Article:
Tonight, I was able to stop time.
I had to take my son back to college. It was dark and warm, with an early September breeze hinting at fall. As we drove through the night with the top down, he asked if he could play some new songs over the car speakers. He was chatty and silly, everything an 18-year-old who is trying to get used to living in another location sounds like.
He is still a boy, but I was driving him to his future, away from me, where the boy will transform into a man. At least, that’s the plan. As we neared the gates of his college, he shared a new song his band put together. It was sweet, ethereal and more mature than the first two albums they’d released. We arrived at his “home for the next four years”. He hopped out, worried I’d embarrass him. He made me pull around to the side entrance and I acquiesced, hoping to hear the entire song.
He turned around and waved as I pulled away. I quickly found the first album they created on my phone. The band is Ill Spector and they’ve gotten some traction on Spotify. Yes, I cried just a little as I pointed the car south back to Franklin and the life I will lead without him or his sisters living in my home—settling into the big “empty next.”
As the music floated up into the trees lining Granny White Pike, I couldn’t help but ponder the gravity of time and change. Both things are inevitable. Time marches on and the only thing we can do to hold on to moments is to be present and remember them. Music creates especially deep memories for me. I’ve always learned by hearing, so those impressions are strong and deep and just a little magical. There are moments I wish would last just a bit longer. But they never do. It’s a season of loss, the empty nest, the end of 27 years of being mom to three babies that grew up in a few houses, scattered across a few streets in downtown Franklin. As I head down Main Street toward Hincheyville, I picture them running through the yards, across soccer fields, riding bikes down the sidewalk and then, like a dream, it disappears into the night like the song now coming to an end—a song sung by my 16-year-old son’s voice—evaporating into the night sky.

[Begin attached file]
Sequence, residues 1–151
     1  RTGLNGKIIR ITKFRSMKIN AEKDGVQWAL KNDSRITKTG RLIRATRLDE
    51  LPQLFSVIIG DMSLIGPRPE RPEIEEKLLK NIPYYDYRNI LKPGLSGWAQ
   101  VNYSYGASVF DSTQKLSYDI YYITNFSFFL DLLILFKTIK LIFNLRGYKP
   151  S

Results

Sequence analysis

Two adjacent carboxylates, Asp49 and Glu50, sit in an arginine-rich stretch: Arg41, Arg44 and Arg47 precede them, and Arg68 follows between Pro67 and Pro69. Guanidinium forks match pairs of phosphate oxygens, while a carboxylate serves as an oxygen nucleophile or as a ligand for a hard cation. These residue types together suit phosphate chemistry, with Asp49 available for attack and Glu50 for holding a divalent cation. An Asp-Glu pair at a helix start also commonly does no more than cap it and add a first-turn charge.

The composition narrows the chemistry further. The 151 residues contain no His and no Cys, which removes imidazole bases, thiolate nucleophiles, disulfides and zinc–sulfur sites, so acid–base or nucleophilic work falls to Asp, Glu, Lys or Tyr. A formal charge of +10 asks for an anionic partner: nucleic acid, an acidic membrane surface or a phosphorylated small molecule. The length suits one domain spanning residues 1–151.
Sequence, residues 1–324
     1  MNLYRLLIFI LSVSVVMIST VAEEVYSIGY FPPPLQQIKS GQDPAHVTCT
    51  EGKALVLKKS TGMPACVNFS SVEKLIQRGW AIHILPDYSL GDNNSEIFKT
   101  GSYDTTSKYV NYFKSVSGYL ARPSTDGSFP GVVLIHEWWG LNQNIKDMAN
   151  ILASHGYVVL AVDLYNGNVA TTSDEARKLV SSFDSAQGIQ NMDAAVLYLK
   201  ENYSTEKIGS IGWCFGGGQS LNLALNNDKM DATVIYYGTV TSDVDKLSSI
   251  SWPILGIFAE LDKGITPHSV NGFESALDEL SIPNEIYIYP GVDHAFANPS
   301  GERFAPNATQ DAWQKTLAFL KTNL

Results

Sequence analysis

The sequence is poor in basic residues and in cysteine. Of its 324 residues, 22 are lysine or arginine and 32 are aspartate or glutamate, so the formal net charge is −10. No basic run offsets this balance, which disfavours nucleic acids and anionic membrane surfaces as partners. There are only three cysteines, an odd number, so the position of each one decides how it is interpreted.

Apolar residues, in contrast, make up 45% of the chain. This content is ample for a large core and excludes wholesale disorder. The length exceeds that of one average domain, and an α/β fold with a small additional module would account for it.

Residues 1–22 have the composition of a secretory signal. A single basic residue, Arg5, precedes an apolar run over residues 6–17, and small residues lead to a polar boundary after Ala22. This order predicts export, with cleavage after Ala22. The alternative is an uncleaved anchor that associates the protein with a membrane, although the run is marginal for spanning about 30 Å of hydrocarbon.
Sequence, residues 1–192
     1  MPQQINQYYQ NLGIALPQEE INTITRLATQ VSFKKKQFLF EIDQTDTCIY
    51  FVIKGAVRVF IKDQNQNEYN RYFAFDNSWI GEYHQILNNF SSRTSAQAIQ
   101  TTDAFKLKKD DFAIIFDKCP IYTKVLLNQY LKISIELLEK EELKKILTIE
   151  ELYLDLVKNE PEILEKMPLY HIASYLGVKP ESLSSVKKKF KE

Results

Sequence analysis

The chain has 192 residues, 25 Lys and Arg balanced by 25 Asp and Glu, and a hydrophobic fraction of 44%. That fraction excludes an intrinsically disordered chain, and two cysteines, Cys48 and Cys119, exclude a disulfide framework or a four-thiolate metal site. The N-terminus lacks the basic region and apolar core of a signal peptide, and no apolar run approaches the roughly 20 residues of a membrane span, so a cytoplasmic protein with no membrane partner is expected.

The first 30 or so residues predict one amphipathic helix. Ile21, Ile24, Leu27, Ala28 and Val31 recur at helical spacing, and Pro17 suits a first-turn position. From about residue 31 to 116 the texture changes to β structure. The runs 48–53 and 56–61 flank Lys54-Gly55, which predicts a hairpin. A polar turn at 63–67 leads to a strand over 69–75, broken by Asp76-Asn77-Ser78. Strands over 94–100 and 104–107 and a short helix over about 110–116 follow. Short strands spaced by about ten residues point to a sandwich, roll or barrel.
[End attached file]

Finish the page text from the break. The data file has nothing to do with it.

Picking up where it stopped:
I want to hold on to these precious moments. And when I’m old I want to take them out, dust them off and be grateful that for all the very hard times and the equal measure of sweet, honey memories.
I will head up to his room tonight, turn off the lights, close the door and think about him singing something new, the chords audible in my office at the bottom of the stairs… And maybe I will dream of that baby coming into my room with his fat cheeks and chubby arms reaching out to me asking, “Mommy can we ‘nuggle?”
My father warned me that these years would go quickly. Like most things, he was absolutely right. Tonight, I held it back as things slowed down and nearly stopped, just for a moment.